As I have previously noted (most recently here), Foreign Corrupt Practices Act (FCPA) investigations and enforcement actions represent an increasing corporate threat, and, in the form of follow-on civil actions, an area of growing D & O risk. Two recent developments underscore the growing magnitude of these concerns.
The first of these two developments is the agreement of Baker Hughes and one of its subsidiaries to settle criminal and civil FCPA charges. News stories about the Baker Hughes agreement can be found here and here. The $44 million in fines and penalties under the agreement represent the largest amounts of combined fines and penalties ever imposed in a FCPA case. Baker Hughes’ subsidiary pled guilty to criminal charges and agreed to pay a $10 million criminal fine in connection with payments of $4.1 million in bribes paid to a consultant in order to secure and oil services contract with Kazakhoil, the state oil company of Kazakhstan, in the Karachaganak oil field. The contract generated more than $219 million in gross revenues from 2001 to 2006. A copy of the April 26, 2007 Department of Justice press release regarding the criminal matter can be found here.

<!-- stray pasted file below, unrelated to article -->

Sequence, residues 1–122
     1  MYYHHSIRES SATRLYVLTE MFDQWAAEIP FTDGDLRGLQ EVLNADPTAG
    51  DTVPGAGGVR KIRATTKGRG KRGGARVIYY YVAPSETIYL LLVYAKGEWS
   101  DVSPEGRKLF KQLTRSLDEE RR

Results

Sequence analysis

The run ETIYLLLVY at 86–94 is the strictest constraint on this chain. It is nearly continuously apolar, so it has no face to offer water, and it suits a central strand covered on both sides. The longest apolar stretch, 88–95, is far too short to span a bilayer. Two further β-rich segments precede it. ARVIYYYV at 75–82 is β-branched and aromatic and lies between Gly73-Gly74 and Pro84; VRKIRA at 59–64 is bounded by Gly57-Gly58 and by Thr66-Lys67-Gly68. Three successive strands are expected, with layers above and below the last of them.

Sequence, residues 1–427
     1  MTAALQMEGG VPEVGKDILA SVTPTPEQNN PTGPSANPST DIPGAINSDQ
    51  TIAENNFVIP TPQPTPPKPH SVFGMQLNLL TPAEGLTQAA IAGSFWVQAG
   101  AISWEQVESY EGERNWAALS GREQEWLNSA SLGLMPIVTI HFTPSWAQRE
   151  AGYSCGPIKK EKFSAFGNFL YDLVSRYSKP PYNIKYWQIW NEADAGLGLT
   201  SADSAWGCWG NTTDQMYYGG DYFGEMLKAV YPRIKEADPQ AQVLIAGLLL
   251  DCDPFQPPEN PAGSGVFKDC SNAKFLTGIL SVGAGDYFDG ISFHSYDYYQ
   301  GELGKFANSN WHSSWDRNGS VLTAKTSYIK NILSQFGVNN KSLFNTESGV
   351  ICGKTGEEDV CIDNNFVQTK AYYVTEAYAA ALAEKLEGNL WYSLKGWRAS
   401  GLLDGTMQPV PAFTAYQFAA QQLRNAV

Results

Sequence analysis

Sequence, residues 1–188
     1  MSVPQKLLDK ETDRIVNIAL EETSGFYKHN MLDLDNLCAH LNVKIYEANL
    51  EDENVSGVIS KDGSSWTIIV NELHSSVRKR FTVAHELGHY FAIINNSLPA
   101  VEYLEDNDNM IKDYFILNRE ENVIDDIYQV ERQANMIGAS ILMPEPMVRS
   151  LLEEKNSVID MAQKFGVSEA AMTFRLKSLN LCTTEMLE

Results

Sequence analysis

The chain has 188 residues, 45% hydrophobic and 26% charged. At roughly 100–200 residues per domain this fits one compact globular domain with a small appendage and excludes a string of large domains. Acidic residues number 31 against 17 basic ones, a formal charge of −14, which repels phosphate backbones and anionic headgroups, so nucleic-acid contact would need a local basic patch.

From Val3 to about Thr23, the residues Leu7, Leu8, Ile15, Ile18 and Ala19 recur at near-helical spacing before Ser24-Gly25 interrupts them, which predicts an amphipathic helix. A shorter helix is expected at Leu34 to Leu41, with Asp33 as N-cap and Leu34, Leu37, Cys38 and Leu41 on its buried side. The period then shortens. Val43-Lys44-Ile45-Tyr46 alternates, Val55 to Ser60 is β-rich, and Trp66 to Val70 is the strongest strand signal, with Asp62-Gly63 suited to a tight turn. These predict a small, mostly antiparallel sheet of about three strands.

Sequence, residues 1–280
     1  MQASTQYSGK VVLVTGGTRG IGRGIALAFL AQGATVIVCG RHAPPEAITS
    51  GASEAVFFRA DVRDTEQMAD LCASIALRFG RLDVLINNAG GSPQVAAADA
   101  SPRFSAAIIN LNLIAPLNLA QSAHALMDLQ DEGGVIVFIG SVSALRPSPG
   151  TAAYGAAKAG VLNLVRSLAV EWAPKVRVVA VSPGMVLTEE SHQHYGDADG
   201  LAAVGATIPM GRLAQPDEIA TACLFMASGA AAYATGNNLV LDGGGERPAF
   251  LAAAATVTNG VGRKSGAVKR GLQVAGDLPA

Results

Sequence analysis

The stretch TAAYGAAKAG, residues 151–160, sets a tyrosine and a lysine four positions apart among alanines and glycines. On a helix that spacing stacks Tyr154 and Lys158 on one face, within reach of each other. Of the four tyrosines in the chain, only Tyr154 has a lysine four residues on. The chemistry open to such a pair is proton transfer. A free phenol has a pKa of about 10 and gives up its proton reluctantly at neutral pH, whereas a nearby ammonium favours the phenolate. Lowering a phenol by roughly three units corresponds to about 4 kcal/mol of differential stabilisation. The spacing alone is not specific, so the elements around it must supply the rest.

Baker Hughes itself simultaneously agreed to pay $23 million in disgorgement and prejudgment interest and to pay a civil penalty of $11 million for violating a 2001 SEC cease-and-desist order in connection with a prior FCPA matter. The fines and penalties were assessed against the parent company in company in connection with the Kazakhstan bribe, as well as other charges that the company violated the books and records and internal control provisions of the FCPA in Nigeria, Angola, Indonesia, Russia and Uzbekistan. The SEC’s April 26, 2007 press release regarding the Baker Hughes matter may be found here, and the SEC’s complaint is here. An April 27, 2007 CFO.com article describing the Baker Hughes FCPA settlement may be found here.